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Pillars, Grace, and Rock

Pillars, Grace, and Rock

Friday, May 30, 2014 – 6 Easter, Year Two

[Go to Mission St Clare for an online version of the Daily Office including today’s scripture readings.]

Today’s Readings for the Daily Office:

Psalms 85, 86 (morning) // 91, 92 (evening)

1 Samuel 2:1-10

Ephesians 2:1-10

Matthew 7:22-27

Although I was familiar with today’s gospel lesson about building a house on rock instead of sand, my current home sits on a hill. That means that the ground is always shifting underneath us, ever so slowly. We love many things about the house, of course, but the very slight movements of earth make slender cracks appear in the dry wall of the structurally weak parts of the house. We’ve had these cracks repaired, but a few of them are back around the corners of our door frames.

I take these cracks as reminders of another message in today’s Scriptures: “the pillars of the earth are the Lord’s, and on them he has set the world.” These words come from Hannah’s song of praise to a God who can radically shift the ground under our feet. Because the pillars supporting the whole world belong to God, he can change people’s elevation in a moment. As the passage says, “he brings down . . . and raises up . . . he brings low, he also exalts.”

When God acts, the weapons of the powerful are broken, and the weak discover their strength; the well-fed suddenly have to work for food, and the hungry are filled; the rich become poor and the poor become rich; and more. If the pillars of the earth belong to God, then all of our own attempts at security and stability are much more vulnerable than they may appear.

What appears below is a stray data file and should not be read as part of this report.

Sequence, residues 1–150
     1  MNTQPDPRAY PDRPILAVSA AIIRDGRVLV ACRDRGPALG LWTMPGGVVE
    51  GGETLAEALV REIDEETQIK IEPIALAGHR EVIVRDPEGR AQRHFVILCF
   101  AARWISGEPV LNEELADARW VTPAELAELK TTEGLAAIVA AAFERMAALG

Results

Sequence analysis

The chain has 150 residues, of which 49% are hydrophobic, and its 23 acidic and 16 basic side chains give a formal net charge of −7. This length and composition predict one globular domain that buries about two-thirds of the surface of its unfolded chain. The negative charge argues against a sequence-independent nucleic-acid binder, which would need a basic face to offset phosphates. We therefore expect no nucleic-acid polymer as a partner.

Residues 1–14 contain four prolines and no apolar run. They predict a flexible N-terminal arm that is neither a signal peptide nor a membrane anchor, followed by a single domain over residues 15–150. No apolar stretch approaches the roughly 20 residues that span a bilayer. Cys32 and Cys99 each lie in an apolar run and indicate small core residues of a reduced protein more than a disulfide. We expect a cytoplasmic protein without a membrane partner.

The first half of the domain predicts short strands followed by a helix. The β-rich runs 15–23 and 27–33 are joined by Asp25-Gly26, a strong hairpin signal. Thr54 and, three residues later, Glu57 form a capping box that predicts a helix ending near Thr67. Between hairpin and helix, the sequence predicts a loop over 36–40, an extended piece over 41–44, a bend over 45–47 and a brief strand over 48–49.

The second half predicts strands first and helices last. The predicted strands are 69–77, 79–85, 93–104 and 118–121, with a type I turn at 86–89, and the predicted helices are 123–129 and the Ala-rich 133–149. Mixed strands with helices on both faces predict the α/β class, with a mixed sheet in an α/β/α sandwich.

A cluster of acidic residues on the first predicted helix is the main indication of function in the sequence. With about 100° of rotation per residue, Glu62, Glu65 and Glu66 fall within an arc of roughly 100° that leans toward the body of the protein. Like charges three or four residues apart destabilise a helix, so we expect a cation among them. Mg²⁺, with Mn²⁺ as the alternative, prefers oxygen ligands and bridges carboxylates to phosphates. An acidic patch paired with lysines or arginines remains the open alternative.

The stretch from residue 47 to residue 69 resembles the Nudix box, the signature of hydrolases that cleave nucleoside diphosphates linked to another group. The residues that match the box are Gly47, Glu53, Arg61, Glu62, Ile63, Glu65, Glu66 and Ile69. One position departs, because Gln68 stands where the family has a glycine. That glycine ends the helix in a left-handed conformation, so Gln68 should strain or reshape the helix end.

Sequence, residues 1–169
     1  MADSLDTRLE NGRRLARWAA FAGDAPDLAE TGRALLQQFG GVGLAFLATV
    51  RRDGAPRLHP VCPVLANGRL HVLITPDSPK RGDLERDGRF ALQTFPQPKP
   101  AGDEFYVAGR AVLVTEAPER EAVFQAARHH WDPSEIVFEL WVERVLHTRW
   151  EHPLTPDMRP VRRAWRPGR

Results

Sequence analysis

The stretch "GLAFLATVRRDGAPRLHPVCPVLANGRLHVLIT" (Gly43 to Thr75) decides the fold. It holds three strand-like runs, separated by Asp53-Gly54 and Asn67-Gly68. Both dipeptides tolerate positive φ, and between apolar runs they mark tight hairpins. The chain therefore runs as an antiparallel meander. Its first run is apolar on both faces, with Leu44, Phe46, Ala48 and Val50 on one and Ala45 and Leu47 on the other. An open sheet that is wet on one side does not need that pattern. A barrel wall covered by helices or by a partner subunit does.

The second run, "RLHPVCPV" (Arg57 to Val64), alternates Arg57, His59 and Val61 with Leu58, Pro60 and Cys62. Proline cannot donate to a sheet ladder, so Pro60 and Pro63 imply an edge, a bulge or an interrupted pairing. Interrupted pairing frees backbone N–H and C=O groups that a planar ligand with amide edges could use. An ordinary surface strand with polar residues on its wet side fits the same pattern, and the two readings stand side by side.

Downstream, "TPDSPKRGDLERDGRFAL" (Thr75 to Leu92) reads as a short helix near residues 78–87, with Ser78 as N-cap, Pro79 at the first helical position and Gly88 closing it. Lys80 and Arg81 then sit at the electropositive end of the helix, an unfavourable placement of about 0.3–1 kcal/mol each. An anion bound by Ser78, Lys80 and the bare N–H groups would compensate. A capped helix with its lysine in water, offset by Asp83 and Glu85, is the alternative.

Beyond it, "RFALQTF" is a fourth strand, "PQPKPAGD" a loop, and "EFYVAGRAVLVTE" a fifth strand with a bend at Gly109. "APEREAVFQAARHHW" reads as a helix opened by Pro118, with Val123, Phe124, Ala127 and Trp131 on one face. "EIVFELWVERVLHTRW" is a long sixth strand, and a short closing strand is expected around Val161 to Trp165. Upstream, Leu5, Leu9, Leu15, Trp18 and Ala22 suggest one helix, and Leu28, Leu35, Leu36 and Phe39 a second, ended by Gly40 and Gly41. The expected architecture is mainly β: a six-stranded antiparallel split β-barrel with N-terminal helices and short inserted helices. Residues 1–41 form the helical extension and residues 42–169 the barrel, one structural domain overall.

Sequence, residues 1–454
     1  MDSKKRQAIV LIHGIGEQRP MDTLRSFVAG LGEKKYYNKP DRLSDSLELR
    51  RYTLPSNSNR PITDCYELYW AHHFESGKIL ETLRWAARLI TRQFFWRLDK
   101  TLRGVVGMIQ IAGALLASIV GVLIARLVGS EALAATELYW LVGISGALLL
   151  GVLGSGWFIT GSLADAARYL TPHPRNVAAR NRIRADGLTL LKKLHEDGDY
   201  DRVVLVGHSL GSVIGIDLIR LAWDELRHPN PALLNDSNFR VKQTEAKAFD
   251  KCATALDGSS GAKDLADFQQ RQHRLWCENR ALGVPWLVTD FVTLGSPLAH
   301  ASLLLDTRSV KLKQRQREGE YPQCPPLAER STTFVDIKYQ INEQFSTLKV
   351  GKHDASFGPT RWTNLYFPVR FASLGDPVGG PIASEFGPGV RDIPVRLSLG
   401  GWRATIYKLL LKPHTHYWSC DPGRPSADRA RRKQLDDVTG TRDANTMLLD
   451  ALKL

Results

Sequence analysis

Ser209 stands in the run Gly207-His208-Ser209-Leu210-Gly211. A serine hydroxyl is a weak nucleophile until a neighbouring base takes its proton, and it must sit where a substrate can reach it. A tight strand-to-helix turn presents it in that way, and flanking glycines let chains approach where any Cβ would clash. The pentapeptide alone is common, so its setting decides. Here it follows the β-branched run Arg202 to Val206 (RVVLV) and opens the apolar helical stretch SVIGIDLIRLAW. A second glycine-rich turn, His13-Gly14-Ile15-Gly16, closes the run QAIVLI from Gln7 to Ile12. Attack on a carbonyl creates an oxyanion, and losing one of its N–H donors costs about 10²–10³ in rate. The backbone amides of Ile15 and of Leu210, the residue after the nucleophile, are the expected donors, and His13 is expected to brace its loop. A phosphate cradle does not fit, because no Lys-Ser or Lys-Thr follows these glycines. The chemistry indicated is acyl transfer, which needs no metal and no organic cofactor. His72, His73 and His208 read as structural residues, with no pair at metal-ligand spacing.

All of our Scriptures today ask us to rest our lives on the firmest, deepest foundation possible. We can start with a reverence for the pillars of the earth that are in God’s hands, and that have the potential to reverse or neutralize the imbalances and injustices that result from human attempts to elevate some people over others.

Then, we can ask to rest in the grace that our passage from Ephesians speaks of—the grace that “is not your own doing; it is the gift of God–not the result of works, so that no one may boast.” We can build our lives on God’s gift rather than constructing accomplishments to boast about.

Finally, our gospel passage asks us to build our lives on hearing Christ’s words and acting on them, like a wise person who builds a house on a rock. When rain falls, when floods come, and when winds blow, we aren’t at risk of falling. Lives that are founded on something so substantial can withstand changes and pressures from the atmosphere.

I hope that we can take some time today to rest on the foundation that God’s justice, God’s grace, and Christ’s words can offer us. Nothing will give us a greater sense of stability than digging beneath all worldly sources of security and achievement. Beneath the surface, in the depths of the earth, are the pillars that can truly uphold us.

Lora Walsh blogs about taking risks and seeking grace at A Daily Scandal. She serves as curate of Grace Episcopal Church in Siloam Springs and as director of the Ark Fellows, an Episcopal Service Corps program sponsored by St. Paul’s in Fayetteville, Arkansas.

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